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VIX Trends: Volatility on the Move

07/16/2015 6:00 am EST


Bob Lang

Founder & Chief Analyst, Explosive Options

Because he follows trends and patterns, Bob Lang, of, has to use previous moves as his guide unless the pattern changes. In this article, Bob cites the recent sharp rise in volatility and the market's recent price action to emphasize the importance of waiting for the move to happen first, since guessing can cost money.

With so much uncertainty over the economic turmoil in Greece and China, it’s no wonder markets have seen a sharp rise in volatility. As measured by the VIX, we saw volatility rise nearly 80% in just two weeks, vaulting from about 12% to 20% during that time.

Uncertainty creates doubt, and as long as this bull market has been in place, every investor and trader out there has wondered when it may end. However, like Pavlov’s dog, investors are hungry for returns. When we have a huge market rally, like we did on Friday, the saliva glands start working again.

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After several days of higher volatility, a lot investors were wondering if the rally was just a blip on the screen like previous pullbacks or was it something to be more concerned about?

Because I follow trends and patterns, I have to use previous moves as my guide...unless the pattern changes. So let’s look at VIX trends.

As we can see from the VIX chart, the recent pop in volatility has been around for a couple of weeks. It spurted higher on news about Greece’s inability to repay its loans and on sudden changes in China’s investment policies to help curb a massive stock market slide. In addition, we learned Puerto Rico was also facing a major debt repayment situation.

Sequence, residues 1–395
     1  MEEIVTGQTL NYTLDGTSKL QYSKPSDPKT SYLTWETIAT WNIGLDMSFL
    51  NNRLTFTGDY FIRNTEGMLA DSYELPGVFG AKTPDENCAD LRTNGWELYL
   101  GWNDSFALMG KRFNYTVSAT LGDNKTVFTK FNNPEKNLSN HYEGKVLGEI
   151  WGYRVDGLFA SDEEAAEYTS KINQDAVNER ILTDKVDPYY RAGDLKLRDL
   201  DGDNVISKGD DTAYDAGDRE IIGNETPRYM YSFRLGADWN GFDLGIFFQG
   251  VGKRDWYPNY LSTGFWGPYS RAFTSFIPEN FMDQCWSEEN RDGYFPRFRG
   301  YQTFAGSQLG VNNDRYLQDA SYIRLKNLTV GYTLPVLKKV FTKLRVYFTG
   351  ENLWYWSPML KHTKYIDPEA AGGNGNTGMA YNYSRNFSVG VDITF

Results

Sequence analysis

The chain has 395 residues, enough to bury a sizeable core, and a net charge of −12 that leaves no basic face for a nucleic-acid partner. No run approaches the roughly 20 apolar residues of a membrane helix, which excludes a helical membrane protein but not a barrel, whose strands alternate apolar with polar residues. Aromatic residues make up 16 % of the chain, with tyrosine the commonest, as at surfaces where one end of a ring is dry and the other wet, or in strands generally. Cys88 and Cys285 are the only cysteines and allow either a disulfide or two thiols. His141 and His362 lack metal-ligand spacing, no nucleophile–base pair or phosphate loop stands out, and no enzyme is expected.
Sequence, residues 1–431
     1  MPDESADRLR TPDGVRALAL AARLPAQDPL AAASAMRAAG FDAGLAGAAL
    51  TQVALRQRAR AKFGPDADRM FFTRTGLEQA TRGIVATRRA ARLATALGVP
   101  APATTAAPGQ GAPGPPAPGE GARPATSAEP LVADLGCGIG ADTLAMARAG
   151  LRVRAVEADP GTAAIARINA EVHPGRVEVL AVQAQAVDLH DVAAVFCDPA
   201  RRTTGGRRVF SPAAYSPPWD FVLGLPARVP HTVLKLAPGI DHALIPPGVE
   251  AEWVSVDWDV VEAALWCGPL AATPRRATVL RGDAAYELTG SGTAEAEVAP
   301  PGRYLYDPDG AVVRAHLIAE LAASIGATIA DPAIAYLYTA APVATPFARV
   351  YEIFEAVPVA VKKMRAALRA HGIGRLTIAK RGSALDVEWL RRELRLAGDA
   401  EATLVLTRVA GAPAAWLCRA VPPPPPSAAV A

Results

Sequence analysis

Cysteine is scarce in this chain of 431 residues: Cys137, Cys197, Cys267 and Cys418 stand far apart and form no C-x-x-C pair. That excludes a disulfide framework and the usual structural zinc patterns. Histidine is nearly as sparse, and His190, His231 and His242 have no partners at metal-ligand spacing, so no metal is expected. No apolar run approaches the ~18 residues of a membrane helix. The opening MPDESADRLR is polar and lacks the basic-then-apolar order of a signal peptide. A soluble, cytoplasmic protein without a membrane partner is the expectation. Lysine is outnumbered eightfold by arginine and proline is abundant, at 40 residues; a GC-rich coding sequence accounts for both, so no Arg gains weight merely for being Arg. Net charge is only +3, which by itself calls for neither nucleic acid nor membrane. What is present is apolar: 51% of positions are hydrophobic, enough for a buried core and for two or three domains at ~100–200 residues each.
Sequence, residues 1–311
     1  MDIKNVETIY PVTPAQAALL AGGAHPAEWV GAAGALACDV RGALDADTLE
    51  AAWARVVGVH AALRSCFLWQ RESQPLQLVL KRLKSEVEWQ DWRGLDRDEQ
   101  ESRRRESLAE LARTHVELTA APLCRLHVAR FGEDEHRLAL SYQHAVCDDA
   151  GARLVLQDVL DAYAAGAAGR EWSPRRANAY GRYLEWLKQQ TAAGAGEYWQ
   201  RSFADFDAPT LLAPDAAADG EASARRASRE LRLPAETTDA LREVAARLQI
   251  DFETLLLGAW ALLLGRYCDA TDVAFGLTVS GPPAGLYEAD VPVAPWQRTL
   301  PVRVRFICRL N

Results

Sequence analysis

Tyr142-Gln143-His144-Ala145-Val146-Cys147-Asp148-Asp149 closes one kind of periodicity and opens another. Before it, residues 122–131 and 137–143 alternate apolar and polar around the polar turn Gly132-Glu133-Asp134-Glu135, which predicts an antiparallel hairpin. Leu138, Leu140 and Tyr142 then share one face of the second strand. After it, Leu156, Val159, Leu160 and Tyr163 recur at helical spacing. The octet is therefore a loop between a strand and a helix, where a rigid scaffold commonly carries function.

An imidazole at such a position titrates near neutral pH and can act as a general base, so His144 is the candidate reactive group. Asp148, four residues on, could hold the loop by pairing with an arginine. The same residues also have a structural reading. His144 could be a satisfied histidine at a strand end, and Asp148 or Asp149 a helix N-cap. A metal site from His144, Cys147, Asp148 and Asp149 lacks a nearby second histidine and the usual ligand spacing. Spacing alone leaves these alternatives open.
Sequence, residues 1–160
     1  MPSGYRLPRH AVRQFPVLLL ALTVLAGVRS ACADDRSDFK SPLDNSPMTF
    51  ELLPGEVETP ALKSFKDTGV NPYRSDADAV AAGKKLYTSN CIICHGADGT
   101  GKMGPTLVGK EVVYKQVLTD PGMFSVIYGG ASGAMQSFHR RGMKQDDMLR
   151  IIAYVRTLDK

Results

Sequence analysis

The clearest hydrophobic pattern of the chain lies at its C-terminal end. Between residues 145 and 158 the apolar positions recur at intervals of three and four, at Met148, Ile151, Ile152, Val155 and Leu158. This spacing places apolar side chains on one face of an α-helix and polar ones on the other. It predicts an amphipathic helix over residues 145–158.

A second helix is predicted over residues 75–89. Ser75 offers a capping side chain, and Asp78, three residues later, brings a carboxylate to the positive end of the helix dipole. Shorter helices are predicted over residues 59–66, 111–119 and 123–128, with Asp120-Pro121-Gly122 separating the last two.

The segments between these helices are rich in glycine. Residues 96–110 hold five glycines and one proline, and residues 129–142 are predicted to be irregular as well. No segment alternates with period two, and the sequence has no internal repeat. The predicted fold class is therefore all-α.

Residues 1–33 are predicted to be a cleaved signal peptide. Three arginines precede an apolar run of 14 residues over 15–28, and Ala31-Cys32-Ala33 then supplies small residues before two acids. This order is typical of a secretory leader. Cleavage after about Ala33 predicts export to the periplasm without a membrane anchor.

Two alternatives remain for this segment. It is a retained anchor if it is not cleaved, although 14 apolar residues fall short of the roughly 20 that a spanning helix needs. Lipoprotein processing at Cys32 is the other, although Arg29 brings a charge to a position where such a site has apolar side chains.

The volatility futures curve also shows a rise in fear and concern; the term structure is elevated and spot VIX is also above recent levels. On Friday, the curve got steeper, which was bullish for stocks, but—as always—we need to see some follow through. If there is follow through, the gap in the VIX chart will fill in and we will likely see the SPX 500 move back up toward the 2100 level.

As I have mentioned before, the most reliable moves are reactionary and not anticipatory. Trying to guess is just a fool’s game. Yes, we all have to estimate how our ideas will play out, but when trends are obvious, it makes sense to ride them out.

Take the activity of the past two weeks. On Sunday, June 28, it appeared there would be no deal between the EU and Greece; futures tanked hard that night. Then, on Monday, June 29, we had a massive down day;  the SPX 500 closed down 2% on heavy turnover.

This was a reactionary response and it paid off. VIX futures went up sharply as expected and started to flash danger signs, which signaled complacency (we always have complacency when volatility is too low...isn’t there always something to worry about?).

Fast forward to this past Thursday, when we saw the markets gap higher and lose the rally the entire day. A lot of investors were positioning for the inevitable: a follow through to the downside and a sharp decline. Bets were made on this outcome and those bets were dead wrong. On Friday, we had a nice rally.

Lessons learned:

  • Follow VIX trends, not talking heads.
  • Wait for the move to happen first, because guessing will cost you money.

By Bob Lang of

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